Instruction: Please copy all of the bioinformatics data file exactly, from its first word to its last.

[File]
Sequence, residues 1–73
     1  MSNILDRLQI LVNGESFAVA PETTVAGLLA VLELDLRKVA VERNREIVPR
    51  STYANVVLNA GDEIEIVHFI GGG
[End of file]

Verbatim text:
Sequence, residues 1–73
     1  MSNILDRLQI LVNGESFAVA PETTVAGLLA VLELDLRKVA VERNREIVPR
    51  STYANVVLNA GDEIEIVHFI GGG